Published on
by

Climate Change 'Crushing Bumblebees in a Vise': Study

Unlike other species, bumblebees aren't expanding their range north; have experienced 'unprecedented' range loss

A black-tailed bumblebee.  "Pollinators are vital for food security and our economy, and widespread losses of pollinators due to climate change will diminish both," said Jeremy Kerr, lead author of the new study. (Photo:  David A. Hofmann/flickr/cc)

Yet another reason to take urgent action on the climate crisis: a new study has found that the warming planet is behind shrinking bumblebee range—and their decline could cause widespread impacts.

The reason, according to the team of scientists, who looked at over 100 years of records from North America and Europe, is that while other species are shifting their habitats further north as temperatures climb, bumblebees aren't.

Lead author Jeremy Kerr, professor and University Research Chair in Macroecology and Conservation Biology at the University of Ottawa, puts it like this: "Picture a vise. Now picture the bumblebee habitat in the middle of the vise."

"As the climate warms, bumblebee species are being crushed as the climate vise compresses their geographical ranges. The result is widespread, rapid declines of pollinators across continents; effects that are not due to pesticide use or habitat loss. It looks like it's just too hot," he stated.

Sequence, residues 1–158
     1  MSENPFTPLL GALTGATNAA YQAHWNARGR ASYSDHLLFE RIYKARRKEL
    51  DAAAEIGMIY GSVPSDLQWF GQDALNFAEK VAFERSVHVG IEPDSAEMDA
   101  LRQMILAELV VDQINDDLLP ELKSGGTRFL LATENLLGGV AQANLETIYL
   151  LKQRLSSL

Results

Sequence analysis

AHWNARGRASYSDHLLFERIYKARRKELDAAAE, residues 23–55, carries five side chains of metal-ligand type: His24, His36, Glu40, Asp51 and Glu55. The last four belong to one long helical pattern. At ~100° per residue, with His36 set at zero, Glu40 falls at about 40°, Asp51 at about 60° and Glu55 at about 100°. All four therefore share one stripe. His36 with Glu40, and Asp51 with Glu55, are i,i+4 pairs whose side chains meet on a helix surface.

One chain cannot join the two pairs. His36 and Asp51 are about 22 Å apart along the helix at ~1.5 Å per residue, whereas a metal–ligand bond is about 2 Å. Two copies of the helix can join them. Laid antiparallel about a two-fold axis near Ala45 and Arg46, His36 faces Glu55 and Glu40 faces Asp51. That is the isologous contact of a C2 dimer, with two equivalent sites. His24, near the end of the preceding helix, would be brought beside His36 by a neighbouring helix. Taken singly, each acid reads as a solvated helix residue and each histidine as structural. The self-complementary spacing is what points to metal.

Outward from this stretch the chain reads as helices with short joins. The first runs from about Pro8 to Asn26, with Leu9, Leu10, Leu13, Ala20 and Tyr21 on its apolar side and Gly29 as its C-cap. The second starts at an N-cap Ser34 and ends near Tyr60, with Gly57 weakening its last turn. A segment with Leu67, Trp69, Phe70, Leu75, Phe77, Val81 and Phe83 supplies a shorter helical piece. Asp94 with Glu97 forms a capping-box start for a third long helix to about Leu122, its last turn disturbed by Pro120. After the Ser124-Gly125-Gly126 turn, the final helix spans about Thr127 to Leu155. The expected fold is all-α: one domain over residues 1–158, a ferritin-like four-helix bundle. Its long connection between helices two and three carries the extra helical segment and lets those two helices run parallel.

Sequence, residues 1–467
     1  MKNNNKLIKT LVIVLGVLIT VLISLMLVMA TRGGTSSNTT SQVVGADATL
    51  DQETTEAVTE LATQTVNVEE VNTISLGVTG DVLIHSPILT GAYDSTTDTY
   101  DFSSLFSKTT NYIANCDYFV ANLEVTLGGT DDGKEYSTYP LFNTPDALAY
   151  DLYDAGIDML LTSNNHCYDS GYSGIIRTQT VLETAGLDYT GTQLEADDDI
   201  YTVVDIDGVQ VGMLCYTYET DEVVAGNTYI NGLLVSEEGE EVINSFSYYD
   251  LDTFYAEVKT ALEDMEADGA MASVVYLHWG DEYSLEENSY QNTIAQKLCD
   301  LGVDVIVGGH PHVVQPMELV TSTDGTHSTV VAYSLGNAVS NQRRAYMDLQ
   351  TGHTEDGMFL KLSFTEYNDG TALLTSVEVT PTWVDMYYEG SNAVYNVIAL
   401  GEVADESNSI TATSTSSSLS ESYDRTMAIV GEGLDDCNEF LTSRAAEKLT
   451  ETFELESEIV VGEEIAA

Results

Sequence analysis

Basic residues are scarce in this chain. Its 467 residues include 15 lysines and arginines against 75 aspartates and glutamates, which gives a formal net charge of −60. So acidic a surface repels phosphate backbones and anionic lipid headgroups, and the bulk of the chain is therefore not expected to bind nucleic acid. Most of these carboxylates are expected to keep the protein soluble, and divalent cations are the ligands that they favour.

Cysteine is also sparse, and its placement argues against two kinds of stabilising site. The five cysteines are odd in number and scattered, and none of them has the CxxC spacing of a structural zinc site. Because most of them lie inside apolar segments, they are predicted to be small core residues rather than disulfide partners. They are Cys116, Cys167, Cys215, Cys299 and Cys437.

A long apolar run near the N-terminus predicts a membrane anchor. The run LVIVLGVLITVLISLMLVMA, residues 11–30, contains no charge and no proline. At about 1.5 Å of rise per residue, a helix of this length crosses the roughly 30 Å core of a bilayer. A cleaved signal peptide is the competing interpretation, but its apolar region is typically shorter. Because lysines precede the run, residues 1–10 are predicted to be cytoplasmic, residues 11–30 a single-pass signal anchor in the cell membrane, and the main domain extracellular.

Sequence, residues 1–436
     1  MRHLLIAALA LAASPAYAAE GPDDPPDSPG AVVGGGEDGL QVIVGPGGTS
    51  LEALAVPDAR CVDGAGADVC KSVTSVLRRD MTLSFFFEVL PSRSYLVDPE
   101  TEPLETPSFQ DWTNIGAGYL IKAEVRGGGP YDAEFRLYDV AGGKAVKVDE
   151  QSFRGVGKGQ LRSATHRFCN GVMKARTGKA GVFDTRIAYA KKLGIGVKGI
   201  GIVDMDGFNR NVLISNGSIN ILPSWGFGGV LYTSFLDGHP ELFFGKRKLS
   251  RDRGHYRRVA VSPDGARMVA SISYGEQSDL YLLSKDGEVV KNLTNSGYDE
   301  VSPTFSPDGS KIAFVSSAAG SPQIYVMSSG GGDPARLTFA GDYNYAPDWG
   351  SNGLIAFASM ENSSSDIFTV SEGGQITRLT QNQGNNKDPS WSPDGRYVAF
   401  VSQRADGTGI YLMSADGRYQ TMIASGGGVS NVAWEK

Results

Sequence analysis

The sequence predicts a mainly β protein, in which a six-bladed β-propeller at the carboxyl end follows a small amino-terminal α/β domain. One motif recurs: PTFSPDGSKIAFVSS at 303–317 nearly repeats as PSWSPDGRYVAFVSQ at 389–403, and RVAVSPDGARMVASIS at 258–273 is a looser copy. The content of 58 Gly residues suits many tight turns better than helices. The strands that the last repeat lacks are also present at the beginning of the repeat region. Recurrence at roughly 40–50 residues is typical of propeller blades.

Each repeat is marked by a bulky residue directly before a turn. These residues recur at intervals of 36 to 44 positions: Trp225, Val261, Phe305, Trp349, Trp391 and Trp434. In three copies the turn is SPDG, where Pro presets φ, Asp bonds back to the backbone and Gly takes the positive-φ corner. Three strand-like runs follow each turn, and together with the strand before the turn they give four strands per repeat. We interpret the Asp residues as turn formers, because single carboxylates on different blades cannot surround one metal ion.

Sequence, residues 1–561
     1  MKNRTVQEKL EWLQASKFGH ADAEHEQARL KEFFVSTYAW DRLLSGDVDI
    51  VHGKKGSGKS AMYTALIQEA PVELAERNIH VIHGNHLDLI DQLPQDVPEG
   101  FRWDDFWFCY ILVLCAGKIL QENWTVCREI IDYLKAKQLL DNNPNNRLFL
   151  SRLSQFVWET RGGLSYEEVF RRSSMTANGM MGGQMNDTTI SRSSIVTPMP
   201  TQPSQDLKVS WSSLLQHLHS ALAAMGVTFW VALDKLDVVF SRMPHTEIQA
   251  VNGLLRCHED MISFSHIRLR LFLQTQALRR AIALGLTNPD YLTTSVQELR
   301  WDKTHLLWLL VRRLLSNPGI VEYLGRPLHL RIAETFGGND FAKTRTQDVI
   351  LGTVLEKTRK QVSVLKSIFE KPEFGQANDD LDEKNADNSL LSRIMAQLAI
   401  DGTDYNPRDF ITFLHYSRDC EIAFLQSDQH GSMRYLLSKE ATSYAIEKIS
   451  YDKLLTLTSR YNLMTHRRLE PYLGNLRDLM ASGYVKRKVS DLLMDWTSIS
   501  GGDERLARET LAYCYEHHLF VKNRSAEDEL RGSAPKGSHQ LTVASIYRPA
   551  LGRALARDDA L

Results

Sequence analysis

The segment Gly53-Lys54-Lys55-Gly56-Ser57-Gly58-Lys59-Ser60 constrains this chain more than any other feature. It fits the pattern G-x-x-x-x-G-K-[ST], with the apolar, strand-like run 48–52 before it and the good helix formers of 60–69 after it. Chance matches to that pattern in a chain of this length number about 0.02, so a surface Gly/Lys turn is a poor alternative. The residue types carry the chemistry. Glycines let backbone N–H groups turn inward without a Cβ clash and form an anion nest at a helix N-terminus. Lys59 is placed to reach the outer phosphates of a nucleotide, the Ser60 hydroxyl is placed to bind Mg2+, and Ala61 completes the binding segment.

The scientists estimate the range loss as 185 miles. Kerr said, "The scale and pace of these losses are unprecedented."

SCROLL TO CONTINUE WITH CONTENT

The media landscape is changing fast

Our news team is changing too as we work hard to bring you the news that matters most.

Change is coming. And we've got it covered.



The loss of pollinators, already under threat from land use changes and pesticide use, will be felt by humans as well as ecosystems.

As Kerr explained in a statement, "Pollinators are vital for food security and our economy, and widespread losses of pollinators due to climate change will diminish both."

And this scenario should be a call for action, he said.

"We need to figure out how we can improve the outlook for pollinators at continental scales, but the most important thing we can do is begin to take serious action to reduce the rate of climate change," he said.

The study was published Friday in Science.

We want a more open and sharing world.

That's why our content is free. Free to read. Free to republish. Free to share. With no advertising. No paywalls. No selling of your data. How? Nonprofit. Independent. Reader-supported.

All of our original content is published under Creative Commons—allowing (and encouraging) our articles to be republished freely anywhere. In addition to the traffic and reach our content generates on our site, the multiplying impact of our work is huge and growing as our articles flourish across the Internet and are republished by other large and small online and print outlets around the world.

Several times a year we run brief campaigns to ask our readers to pitch in—and thousands of small donations fund our newsroom and allow us to continue publishing. Our 2019 Mid-Year Campaign is underway. Can you help? We can't do it without you.

Share This Article